Back home after class yesterday night, I tuned into the television only to come across --- and very aptly so --- a documentary on CNBC titled “The Oprah Effect.”
Some of you may already be in the know about this phenomenon, some others may not. I was only enlightened about it yesterday. Truth be told, I’m not much of a TV watcher, much less a talk show junkie or even a pseudo-believer in the mass mania of celebrity cult hood. But the documentary was intriguing enough to hold my attention --- especially after our “marketing-themed” class discussion. The show talked about Oprah’s Midas touch in the world of marketing and soon after tuning in, I found my jaw drop and my mouth look---yes, what else, but like a very large “O.” Reason enough for me steal a few moments from a busy enough day to simply blog about it.
“The Oprah Effect,” as it turns out, is the most powerful marketing force. It’s origin lies in the inception of her “book club” segment in 1996 but it’s influence is limited not only to books but to any product that has the good fortune of being liked, enjoyed, appreciated, and subsequently mentioned by her on her talk show --- it could be a bar of soap, a beauty product, a garden tool, pantyhose --- even cake! A handful of products and book titles actually make it to her show but if (and when) they do, they end up striking not gold but platinum. Check some facts I picked off the web/show to chew on them from a sales & marketing standpoint:
1. In 2000, Oprah chose Spanx shape wear as one of her "Favorite Things." The Atlanta-based clothing company quickly sold their 8-year inventory in just three months.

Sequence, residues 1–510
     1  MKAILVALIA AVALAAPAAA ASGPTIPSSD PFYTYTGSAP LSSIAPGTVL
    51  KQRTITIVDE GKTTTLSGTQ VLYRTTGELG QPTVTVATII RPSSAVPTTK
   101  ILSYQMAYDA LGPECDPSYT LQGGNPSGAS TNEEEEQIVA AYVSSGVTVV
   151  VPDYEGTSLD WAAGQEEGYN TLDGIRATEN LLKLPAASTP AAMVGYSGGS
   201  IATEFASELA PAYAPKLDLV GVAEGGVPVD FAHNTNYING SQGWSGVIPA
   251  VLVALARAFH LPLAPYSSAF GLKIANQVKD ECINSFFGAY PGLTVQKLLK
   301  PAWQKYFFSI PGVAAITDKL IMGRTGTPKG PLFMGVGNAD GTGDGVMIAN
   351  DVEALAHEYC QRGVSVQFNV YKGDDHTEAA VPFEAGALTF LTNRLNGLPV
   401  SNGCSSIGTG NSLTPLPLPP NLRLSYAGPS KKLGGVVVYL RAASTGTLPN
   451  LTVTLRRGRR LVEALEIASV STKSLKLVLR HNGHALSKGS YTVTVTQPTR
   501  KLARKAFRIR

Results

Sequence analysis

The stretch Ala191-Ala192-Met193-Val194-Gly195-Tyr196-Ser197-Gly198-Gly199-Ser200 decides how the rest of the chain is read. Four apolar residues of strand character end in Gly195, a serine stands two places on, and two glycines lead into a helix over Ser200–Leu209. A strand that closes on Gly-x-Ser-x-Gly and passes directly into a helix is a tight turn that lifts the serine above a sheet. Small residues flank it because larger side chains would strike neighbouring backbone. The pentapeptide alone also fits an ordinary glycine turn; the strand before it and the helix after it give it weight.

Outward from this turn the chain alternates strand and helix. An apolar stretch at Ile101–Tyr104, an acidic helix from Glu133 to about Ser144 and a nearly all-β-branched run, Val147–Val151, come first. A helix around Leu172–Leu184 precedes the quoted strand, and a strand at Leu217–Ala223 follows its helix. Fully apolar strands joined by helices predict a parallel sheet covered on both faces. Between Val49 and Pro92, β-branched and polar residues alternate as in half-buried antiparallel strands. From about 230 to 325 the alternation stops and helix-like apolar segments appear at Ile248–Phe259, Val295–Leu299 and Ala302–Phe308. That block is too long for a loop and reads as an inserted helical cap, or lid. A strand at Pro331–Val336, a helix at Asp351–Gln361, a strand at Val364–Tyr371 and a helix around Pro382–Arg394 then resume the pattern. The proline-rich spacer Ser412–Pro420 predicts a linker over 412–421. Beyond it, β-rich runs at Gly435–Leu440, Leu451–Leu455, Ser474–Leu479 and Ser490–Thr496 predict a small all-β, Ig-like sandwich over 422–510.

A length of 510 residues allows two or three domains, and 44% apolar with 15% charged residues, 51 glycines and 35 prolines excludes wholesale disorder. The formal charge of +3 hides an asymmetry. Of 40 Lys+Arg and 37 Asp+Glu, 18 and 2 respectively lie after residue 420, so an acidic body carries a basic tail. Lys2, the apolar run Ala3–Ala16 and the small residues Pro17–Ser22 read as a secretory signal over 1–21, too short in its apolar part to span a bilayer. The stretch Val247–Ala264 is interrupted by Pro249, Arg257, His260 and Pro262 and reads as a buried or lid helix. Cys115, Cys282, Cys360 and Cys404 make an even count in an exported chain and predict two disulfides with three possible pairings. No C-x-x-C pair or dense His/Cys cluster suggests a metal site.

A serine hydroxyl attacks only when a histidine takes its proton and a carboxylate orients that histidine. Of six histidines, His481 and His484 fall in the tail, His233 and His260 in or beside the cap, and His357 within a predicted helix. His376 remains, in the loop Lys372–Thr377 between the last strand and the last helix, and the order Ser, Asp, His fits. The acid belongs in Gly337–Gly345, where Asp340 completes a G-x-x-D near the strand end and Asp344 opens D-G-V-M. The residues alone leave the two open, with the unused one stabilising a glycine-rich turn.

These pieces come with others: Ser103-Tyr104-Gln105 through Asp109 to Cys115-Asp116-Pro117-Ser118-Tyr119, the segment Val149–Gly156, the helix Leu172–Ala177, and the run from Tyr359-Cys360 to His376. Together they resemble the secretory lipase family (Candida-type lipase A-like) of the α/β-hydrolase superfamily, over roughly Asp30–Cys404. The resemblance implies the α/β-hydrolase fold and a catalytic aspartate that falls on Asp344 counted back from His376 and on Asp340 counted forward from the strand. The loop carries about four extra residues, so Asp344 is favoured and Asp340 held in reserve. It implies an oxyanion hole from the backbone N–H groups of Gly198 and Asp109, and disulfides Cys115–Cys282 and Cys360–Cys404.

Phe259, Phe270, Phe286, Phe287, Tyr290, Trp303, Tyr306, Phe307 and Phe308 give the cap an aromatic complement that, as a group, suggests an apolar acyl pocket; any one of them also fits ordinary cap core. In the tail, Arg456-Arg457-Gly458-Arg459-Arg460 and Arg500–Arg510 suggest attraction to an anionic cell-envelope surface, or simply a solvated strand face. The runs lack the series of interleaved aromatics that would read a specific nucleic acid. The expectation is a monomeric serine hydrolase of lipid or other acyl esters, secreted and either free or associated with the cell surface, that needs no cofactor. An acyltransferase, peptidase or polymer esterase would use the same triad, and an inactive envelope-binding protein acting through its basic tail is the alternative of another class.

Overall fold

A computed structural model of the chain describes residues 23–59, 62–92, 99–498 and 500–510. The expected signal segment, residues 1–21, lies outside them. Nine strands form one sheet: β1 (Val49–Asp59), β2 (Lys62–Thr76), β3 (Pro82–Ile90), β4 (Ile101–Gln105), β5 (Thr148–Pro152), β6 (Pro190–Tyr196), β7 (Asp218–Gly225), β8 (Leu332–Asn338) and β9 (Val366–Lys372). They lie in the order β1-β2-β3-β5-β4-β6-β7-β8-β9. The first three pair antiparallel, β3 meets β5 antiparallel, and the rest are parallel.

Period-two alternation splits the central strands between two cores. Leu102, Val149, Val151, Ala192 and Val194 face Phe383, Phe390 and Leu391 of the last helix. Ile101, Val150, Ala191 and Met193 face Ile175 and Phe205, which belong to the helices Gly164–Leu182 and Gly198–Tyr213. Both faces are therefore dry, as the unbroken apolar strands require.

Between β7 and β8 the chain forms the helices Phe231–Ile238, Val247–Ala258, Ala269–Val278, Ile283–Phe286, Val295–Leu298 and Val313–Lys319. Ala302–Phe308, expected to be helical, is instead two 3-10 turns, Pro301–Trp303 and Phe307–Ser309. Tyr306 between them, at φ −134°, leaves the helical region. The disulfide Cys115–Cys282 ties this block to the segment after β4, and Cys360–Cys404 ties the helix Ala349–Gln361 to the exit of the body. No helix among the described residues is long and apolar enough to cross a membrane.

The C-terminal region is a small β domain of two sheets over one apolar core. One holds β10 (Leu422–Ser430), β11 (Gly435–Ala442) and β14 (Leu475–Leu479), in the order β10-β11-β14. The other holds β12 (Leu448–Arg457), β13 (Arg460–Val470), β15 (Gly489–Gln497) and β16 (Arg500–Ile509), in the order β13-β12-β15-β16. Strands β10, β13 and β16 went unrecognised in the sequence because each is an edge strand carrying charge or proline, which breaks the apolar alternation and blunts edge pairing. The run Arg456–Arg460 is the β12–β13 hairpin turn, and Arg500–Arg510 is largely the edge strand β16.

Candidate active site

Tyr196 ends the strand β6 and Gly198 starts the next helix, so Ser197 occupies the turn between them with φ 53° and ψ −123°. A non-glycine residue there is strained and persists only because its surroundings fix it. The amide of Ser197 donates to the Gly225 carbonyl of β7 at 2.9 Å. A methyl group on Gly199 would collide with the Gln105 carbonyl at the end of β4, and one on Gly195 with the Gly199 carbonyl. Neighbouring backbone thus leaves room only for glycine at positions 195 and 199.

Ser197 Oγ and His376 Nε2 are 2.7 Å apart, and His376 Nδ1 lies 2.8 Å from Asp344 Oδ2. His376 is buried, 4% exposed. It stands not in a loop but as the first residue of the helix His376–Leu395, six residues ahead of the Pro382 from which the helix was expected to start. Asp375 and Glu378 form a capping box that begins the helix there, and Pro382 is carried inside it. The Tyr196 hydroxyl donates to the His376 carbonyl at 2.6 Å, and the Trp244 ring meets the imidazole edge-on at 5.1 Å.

2. In 2002 and 2005, Oprah selected Garrett Popcorn as one of her “Favorite Things.” The afternoon of the broadcast in 2002, the company had 100,000 web hits and the sales for the month of December increased by 100 percent. Garrett Popcorn went from making popcorn 8 hours a day to 24 hours a day.
3. The mention of Lori Karmel’s struggling "We Take the Cake" bakery shop on The Oprah Winfrey show in 2004 pulled her company back to life and out of bankruptcy. Today, the company’s sales are more than $1 million a year.
Yes, now I can envision your jaws drop and your mouths look like a very large “O.”
As regards to what’s dearer --- Book Publishing, a heartfelt recommendation of a book in her “Book Club” segment is known to guarantee sky-rocketing sales and transform a seemingly obscure title into a wildly successful best seller. Titles, such as “The Deep End of the Ocean” and “The House of Sand and Fog” that made it to Oprah’s book club became so successful that they were adapted into films. Her latest pick is an African story collection called “Say You’re One of Them” by Uwem Akpan. A more spectacular example of Oprah’s magic dust effect is with none other than the most talked about gizmo in publishing --- the Amazon Kindle. Last fall when she mentioned on her show how smitten she was by it, sales exploded through the roof and into the stratosphere. Amazon sold out of its entire inventory for the holiday season. Little wonder that it was on backorder for the longest time on Amazon.com.
Well after all, Oprah is the most influential TV personality of her time. Supposedly, about 44 million people watch her show. And I don’t happen to be one of them. (Wow, ok, the thought weirded me out for a second.)